Immediate Reporting of an Injury is Crucial to a Workers’ Compensation Claim

If you are a worker and you suffer a work-related injury, you have a very important initial job to do to ensure your claim is handled as quickly and smoothly as possible – you must report the injury to your employer immediately.  Specifically, the South Carolina Workers’ Compensation Act requires that you provide notice of an injury to your employer “immediately” or “as soon thereafter as practicable.” See S.C. Code Ann. § 42-15-20(A).

So why is this so important?

  • Coverage for initial medical treatment and other benefits.  You are not entitled to have doctor’s bills or other compensation covered through workers compensation until you have reported the accident to your employer.
  • Clarification that the injury happened at work.  Some injuries that occur at work are obviously work related, but many other are not.  For example, if you have shoulder pain, that could be the result of lifting something at work, a shoulder could also be injured at home, while on vacation, playing softball, etc.  If you wait several days or weeks before reporting an injury, you open yourself up to questions as to whether your particular injury actually happened at work.
  • Most companies have policies requiring immediate reporting of injuries.  Many employers have rules or policies requiring their employees to report work injuries immediately.  In these instances, if an injury is not reported immediately, it leads to some form of employee discipline (written or verbal warnings; points; etc.).

Under no circumstance will you be able to receive benefits under workers’ compensation if you fail to give notice to your employer of an injury within 90 days – but don’t think that means you have 90 days to report an accident.  Immediate reporting is required and any delay in reporting is going to require a good explanation.

Finally, make sure you are reporting your injury to the right people.  Don’t just mention an injury to your co-workers – be sure you are telling a supervisor, human resources, the safety officer, or whomever else your employer may designate to take injury reports.  Written notice is always the best (if possible, get a copy of any written report you may provide), but at a minimum be sure you have told the right people about an injury as soon as it happens and document the following yourself:  1) the name of the person to whom you reported the accident and 2) when/where you gave that report.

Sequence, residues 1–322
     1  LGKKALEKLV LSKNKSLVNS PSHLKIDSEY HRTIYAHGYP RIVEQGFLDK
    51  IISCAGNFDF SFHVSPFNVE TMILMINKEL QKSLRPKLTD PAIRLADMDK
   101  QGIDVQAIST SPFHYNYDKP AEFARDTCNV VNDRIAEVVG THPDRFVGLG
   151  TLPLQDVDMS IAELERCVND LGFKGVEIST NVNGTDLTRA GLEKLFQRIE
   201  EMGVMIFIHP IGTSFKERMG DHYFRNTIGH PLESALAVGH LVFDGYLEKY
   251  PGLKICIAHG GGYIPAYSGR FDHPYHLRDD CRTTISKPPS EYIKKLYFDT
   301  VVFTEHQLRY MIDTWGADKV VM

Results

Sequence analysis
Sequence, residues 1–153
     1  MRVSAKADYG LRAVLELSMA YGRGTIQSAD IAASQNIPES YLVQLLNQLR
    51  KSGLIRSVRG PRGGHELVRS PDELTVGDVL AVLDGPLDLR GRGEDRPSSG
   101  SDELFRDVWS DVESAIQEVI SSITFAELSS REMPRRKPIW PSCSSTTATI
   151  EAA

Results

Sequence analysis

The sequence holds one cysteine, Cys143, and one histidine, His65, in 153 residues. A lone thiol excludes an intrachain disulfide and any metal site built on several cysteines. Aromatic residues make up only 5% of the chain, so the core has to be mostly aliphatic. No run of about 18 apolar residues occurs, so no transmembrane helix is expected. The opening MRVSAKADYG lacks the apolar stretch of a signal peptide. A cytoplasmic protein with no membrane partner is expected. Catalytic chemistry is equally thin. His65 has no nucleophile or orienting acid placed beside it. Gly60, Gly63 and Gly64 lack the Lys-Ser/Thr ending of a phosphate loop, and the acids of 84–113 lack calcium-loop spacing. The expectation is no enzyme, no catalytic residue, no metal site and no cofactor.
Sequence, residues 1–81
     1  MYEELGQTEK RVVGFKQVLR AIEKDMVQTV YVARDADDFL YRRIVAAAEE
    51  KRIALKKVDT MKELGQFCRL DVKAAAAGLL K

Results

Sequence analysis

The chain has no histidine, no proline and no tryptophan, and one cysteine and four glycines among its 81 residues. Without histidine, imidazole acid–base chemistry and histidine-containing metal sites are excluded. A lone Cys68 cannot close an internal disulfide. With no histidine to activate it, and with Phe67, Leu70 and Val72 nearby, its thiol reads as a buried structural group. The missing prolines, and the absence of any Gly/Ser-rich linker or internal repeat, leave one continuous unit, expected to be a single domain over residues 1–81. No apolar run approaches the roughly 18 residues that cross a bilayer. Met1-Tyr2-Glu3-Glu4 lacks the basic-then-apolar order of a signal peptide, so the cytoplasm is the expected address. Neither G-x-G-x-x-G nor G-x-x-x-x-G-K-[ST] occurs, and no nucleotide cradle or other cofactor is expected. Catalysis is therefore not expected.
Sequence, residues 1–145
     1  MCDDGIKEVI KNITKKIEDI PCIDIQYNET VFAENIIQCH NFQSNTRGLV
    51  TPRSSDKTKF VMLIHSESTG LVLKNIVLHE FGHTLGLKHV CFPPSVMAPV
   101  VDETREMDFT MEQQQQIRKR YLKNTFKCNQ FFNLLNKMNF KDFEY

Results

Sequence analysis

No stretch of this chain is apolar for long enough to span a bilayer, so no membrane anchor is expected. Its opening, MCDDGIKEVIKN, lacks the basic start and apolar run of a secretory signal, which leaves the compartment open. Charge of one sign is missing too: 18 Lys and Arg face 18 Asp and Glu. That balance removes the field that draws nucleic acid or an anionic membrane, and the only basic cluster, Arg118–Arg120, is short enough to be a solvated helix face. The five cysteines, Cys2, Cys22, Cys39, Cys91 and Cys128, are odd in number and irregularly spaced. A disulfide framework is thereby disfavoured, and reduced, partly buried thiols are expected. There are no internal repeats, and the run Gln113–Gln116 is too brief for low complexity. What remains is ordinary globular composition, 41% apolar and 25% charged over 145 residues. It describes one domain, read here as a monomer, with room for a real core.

If you have a workers’ compensation injury and you are dealing with problems related to improper or untimely notice to your employer, contact Jeremy Dantin at Harrison White, P.C.  Jeremy may be reached directly at 864-699-0146 or by email at jdantin@spartanlaw.com, and he can help you work through these or any other issues related to your workers’ compensation claim.  As always, there is no charge for an initial consultation to see if we can help you.

The posts on this website/blog are published as a service to our clients and friends.  They are intended to provide general information only and should not be construed to be formal legal advice regarding any specific situation and should not be construed as forming an attorney-client relationship.  Success in the past does not indicate the likelihood of success in any future representation.


About Attorney Jeremy A. Dantin